When employees cause cyber breaches, most insurers won't pay out
Insurers are limiting pay outs under cyber-security policies, reports Cyberheist News. If employers neglect to patch known breaches in their systems or employees take the bait from phishing schemes, some insurers won't cover the resulting claims for damages.
According to Cyberheist, cyber-security policies are a new fast-growing insurance market, with current estimates of $5 billion in premiums by 2020.
Insurers base their pay outs on aggregated risk and therefore place limits on coverage.
With insurers limiting coverage of cyber crimes, employers need to update or overhaul their computer systems and train staff in how to avoid taking the bite in phishing scams and email security breaches, such as the massive WannaCry ransomeware attack last month.
Employers also need to monitor employees' use of computer systems. Some security breaches are "inside jobs." According to a Dtex Systems report, 95% of organizations have workers who try to override security and web restrictions.
Additionally, some organizations without cyber insurance have resorted to using their kidnap insurance policies, also known as K&R coverage, to pay for damages. Though leaning on K&R policies to help with recovery is a clever strategy, it is unlikely insurers will permit it long term.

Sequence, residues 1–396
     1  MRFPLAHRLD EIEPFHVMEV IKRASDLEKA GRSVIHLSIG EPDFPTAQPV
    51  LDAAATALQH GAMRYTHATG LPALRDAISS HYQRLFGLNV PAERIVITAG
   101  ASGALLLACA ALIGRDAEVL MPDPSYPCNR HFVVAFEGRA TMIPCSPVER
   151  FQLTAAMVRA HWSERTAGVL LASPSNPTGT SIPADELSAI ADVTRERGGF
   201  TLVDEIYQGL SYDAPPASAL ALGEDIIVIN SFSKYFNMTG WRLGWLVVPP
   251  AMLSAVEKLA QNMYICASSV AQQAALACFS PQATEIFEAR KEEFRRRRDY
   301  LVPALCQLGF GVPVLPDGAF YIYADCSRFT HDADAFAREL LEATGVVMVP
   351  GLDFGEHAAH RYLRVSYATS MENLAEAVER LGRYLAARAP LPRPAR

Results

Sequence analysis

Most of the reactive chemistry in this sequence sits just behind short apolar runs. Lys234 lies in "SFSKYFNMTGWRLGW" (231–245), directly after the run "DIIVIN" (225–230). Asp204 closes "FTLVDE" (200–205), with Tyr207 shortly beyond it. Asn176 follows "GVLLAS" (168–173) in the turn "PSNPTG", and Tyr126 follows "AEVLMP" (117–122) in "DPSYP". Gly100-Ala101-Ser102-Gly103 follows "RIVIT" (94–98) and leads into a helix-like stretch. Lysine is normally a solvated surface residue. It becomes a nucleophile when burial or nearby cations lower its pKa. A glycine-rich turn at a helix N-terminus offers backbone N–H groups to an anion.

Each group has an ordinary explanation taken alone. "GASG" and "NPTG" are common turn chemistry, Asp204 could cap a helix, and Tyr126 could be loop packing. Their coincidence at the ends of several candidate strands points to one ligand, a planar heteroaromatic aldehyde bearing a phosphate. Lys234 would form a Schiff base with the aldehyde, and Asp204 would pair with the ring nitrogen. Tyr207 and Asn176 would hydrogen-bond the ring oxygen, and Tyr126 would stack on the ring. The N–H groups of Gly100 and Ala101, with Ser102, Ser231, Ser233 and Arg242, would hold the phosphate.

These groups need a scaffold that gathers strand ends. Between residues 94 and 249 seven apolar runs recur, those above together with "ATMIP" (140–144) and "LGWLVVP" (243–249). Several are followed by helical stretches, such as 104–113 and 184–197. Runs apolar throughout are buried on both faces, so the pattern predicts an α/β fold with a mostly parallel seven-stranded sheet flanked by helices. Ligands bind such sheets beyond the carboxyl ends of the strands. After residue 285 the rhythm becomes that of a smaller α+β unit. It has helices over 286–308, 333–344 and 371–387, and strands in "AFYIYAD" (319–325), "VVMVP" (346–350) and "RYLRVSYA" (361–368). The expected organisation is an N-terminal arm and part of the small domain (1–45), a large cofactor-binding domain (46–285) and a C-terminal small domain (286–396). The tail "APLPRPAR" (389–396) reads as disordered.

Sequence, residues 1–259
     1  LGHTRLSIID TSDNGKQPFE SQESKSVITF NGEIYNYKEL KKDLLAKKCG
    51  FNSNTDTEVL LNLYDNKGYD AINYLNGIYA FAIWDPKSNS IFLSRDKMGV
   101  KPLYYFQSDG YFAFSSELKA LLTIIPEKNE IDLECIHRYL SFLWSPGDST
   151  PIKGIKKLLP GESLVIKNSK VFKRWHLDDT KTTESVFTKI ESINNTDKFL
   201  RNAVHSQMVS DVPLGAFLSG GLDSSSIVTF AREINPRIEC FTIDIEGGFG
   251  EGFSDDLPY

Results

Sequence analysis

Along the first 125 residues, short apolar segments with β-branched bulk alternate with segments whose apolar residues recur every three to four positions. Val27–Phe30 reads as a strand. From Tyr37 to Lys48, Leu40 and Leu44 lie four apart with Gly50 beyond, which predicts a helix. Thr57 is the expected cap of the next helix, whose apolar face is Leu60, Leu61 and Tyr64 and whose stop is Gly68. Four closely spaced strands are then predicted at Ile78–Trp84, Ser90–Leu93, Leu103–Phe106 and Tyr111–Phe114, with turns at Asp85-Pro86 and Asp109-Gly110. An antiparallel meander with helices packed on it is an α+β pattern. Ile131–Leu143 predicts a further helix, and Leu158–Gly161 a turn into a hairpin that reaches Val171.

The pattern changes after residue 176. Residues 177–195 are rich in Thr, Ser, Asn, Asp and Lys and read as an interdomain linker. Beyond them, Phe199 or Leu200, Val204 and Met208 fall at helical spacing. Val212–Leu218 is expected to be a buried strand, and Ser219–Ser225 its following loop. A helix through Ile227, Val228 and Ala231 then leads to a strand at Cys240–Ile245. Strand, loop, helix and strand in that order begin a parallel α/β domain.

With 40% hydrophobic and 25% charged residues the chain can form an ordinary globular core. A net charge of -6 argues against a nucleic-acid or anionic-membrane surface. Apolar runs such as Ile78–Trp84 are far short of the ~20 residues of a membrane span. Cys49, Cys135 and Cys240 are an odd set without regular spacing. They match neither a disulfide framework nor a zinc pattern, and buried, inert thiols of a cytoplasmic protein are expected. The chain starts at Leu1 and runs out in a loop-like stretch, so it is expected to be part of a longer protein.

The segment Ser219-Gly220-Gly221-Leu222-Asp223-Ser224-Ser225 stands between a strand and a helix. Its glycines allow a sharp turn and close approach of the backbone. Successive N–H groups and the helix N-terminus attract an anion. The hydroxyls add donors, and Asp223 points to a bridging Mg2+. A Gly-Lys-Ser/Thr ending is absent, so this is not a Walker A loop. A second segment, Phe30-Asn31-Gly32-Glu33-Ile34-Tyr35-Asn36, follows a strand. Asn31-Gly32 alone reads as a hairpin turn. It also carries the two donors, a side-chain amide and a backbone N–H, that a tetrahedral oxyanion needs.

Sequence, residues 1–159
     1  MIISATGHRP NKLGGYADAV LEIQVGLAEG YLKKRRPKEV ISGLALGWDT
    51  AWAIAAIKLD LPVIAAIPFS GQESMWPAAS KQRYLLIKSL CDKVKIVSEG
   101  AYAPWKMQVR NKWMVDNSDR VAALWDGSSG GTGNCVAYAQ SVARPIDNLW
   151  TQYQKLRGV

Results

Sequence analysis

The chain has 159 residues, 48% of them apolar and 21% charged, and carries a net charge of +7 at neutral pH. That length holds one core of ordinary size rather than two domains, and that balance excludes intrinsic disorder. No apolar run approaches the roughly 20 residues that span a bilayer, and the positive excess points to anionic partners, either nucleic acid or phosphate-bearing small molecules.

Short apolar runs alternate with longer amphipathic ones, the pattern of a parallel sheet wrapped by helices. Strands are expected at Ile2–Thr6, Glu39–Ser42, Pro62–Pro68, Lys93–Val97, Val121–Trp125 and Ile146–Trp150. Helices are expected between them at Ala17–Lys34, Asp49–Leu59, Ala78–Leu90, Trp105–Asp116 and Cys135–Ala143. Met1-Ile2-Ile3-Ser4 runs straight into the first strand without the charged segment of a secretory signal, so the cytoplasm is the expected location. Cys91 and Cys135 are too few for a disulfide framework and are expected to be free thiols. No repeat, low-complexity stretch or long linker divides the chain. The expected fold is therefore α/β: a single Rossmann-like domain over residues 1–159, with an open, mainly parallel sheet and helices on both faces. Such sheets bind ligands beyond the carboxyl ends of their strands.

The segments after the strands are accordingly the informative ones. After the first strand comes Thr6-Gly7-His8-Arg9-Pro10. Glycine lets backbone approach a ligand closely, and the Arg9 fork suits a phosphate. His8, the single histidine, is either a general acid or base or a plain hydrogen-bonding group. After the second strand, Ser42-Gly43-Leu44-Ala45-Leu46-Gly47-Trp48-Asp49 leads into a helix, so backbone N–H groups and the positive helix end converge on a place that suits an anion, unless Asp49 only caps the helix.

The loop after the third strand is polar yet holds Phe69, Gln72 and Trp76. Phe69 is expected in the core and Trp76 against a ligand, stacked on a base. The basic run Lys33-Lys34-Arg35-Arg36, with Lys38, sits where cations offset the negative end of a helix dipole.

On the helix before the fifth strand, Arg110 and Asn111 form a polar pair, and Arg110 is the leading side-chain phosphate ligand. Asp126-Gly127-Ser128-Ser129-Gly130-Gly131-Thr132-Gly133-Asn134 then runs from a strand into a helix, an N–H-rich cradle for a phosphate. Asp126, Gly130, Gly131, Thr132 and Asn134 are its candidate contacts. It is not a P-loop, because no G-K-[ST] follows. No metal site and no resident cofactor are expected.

The global cyber insurance market is expected to grow 131% by 2020, compared to the 2016 market, according to a recent report from the Insurance Information Institute. There are about 60 companies writing cyber insurance policies today, mainly in the U.S.
HR often is a target for security breaches because of the large databases of personal information on employees that it maintains. Without a means of recovering damages caused by internal negligence, hacking into HR databases is a significant cost to organizations and personal loss to employees.